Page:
“Trump currently has not revealed an Africa policy,” Yun Sun, of the Stimson Centre in Washington, said.
“If anything, looking at his budget proposals, Africa is unlikely to be his focus or priority. This will create a de facto push for Africa to get closer to China.”
Both Sun and Zhu noted that China and the US had in the past cooperated in various areas in Africa, such as in fighting piracy off the coast of Somalia, promoting economic growth and maintaining peace in Sudan.
“Given the current cooperative momentum between Xi and Trump [following their first summit in Florida last month], I foresee more bilateral discussion and potential cooperation between the US and China on Africa security issues,” Sun said.
Zha Daojiong, a specialist in international economics at Peking University, said African nations generally had closer and more diversified ties with the US, but that it might be too early to talk about collaboration between Beijing and Washington on African affairs.
While Chinese ties with the African continent were still in many ways in their early stages, most had “developed a life of their own and do not require attention from the US government to nurture”, he said.
Analysts also noted that Africa’s development had frequently been hampered by political turbulence, especially since the Arab spring, which posed fresh challenges to China’s ambitions on the continent.
World Economic Forum statistics indicate that political instability has become more prevalent in recent years and that Africa’s six largest economies, including South Africa, Egypt and Nigeria, have all experienced slowing growth.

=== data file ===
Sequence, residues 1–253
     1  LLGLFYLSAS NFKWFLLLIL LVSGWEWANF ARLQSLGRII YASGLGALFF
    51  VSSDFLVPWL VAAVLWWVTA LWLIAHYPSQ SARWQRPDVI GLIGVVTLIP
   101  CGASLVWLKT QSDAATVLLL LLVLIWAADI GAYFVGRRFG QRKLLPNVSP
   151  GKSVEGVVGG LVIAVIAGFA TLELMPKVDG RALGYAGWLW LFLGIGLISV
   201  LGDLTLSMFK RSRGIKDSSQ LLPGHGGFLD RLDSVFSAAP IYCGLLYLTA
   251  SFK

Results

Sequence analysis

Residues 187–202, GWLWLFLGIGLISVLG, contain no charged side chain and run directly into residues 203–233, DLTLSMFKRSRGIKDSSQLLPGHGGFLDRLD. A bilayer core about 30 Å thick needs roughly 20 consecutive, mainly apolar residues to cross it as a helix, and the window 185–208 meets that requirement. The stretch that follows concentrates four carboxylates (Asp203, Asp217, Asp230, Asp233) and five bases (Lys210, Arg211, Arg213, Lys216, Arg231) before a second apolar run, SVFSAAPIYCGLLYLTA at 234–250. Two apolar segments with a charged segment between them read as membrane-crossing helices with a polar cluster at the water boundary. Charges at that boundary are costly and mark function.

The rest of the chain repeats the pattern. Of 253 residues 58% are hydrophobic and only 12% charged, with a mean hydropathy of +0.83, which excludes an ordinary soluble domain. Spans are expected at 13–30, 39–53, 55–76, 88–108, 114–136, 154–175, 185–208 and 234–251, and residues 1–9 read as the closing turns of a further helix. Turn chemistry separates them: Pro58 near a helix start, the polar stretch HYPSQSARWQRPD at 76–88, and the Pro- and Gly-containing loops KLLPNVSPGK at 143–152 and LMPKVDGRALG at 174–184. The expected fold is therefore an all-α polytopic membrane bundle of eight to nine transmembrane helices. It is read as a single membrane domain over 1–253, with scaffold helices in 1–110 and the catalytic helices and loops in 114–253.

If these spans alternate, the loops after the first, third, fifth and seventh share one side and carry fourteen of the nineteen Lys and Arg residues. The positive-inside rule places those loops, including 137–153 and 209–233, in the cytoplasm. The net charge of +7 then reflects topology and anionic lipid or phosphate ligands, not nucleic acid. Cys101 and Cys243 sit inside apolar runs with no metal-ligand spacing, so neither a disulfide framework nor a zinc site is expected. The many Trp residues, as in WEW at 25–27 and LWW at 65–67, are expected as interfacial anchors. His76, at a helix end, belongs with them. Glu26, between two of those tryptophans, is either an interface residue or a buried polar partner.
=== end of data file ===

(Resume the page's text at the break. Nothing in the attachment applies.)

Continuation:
Pang Zhongying, an international affairs expert at Beijing’s Renmin University, said it remained to be seen whether China could meet its promise of helping Africa find a new path towards development and prosperity, while securing its own economic and political interests in the face of mounting challenges.
“Despite Beijing’s lofty rhetoric about not engaging in neocolonialism in Africa, we have yet to see a well-articulated definition and development strategy for the belt and road initiative, which is essential to avoid turning those infrastructure projects into white elephants,” he said.
Pang said that Beijing should seek cooperation from former colonial powers such as France and Britain.
Kerry Brown, director of the Lau China Institute at King’s College, London, also expressed concerns about China’s role in Africa.
“China has a huge learning curve in trying to deal with such a complex and very demanding place, and it has made many mistakes over the last few years, from 2007 onwards,” he said.
“It is not so much a question of whether China includes Africa in the belt and road. As we have seen elsewhere, the hunger to get Chinese money means most of the rest of the world, whether they are in the belt and road initiative or not, are trying to plot their way in. Africa is almost inevitably going to be interested.
“They key thing is whether China is willing to work more deeply in partnership with people like the French, British or Americans, many of whom know and understand Africa much better than its experts do.”